Individuals who have a close association with someone who has engaged in such protected activity also are covered individuals. For example, it is illegal to terminate an employee because his spouse participated in employment discrimination litigation.

Individuals who have brought attention to violations of law other than employment discrimination are NOT covered individuals for purposes of anti-discrimination retaliation laws. For example, “whistleblowers” who raise ethical, financial, or other concerns unrelated to employment discrimination are not protected by the EEOC enforced laws.

Protected Activity

Protected activity includes:

Opposition to a practice believed to be unlawful discrimination

An opposition is informing an employer that you believe that he/she is engaging in prohibited discrimination. An opposition is protected from retaliation as long as it is based on a reasonable, good-faith belief that the complained of practice violates the anti-discrimination law; and the manner of the opposition is reasonable.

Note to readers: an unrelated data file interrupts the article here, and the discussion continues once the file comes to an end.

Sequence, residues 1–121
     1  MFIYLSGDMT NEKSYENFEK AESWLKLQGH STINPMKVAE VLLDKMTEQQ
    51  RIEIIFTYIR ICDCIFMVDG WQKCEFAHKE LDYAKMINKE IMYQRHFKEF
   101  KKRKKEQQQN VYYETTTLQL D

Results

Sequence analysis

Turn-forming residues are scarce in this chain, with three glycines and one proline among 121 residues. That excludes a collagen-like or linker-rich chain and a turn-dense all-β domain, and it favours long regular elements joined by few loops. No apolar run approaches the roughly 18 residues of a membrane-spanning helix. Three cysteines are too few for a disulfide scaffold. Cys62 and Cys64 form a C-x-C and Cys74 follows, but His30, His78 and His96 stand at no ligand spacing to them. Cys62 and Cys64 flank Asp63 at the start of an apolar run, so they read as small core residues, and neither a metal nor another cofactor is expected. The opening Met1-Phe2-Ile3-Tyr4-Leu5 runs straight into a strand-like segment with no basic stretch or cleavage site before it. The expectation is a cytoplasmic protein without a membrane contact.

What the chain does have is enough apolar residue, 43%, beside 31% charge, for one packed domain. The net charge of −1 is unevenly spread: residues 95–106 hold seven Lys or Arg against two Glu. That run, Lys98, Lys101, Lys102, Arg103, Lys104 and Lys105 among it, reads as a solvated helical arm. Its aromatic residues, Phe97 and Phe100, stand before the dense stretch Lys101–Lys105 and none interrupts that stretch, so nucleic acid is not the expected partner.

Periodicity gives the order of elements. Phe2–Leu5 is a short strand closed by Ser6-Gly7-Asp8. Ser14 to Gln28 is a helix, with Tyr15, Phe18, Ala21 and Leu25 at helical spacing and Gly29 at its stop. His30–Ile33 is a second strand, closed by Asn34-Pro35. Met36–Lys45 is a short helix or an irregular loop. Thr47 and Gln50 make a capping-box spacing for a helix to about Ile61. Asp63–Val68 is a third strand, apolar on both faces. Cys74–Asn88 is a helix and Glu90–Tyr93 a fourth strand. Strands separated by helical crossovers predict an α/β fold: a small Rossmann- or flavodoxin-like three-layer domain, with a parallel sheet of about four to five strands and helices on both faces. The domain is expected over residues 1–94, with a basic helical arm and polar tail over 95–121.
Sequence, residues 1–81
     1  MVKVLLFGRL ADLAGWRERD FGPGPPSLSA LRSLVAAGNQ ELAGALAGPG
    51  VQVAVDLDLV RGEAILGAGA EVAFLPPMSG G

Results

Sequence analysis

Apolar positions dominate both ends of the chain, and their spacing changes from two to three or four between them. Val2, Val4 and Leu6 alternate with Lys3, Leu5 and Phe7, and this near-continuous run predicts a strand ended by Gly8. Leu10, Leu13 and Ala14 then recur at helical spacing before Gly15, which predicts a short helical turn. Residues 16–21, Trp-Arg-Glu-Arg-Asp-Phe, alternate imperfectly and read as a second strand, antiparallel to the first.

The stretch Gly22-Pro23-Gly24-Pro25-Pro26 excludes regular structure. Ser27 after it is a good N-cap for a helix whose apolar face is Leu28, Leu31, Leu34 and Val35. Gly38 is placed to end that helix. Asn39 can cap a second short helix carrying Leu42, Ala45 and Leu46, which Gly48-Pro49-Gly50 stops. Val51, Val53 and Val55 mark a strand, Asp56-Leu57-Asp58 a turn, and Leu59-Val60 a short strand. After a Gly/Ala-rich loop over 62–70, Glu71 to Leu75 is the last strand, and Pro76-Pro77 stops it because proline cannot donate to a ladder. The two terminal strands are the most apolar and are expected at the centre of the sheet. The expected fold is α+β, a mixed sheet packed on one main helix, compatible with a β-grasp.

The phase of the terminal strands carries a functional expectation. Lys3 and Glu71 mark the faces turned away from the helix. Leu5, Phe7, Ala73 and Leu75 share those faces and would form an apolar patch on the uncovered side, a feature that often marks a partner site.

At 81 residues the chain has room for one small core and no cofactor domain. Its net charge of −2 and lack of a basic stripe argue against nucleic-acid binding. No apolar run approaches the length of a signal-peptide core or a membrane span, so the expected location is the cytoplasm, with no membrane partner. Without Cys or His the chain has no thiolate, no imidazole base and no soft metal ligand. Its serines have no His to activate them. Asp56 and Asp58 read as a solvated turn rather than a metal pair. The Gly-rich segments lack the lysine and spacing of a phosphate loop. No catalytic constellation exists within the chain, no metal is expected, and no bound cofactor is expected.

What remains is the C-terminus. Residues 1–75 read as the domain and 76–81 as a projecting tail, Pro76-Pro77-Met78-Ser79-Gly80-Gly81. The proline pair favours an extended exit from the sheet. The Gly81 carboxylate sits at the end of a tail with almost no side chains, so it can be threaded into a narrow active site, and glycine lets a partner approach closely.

Examples of protected opposition include:

  • Complaining to anyone about alleged discrimination against oneself or others;
  • Threatening to file a charge of discrimination;
  • Picketing in opposition to discrimination; or
  • Refusing to obey an order reasonably believed to be discriminatory.

Examples of activities that are NOT protected opposition include:

  • Actions that interfere with job performance so as to render the employee ineffective; or
  • Unlawful activities such as acts or threats of violence.

Participation in an employment discrimination proceeding.

Participation means taking part in an employment discrimination proceeding. Participation is protected activity even if the proceeding involved claims that ultimately were found to be invalid. Examples of participation include:

  • Filing a charge of employment discrimination;
  • Cooperating with an internal investigation of alleged discriminatory practices; or
  • Serving as a witness in an EEO investigation or litigation.

A protected activity can also include requesting a reasonable accommodation based on religion or disability.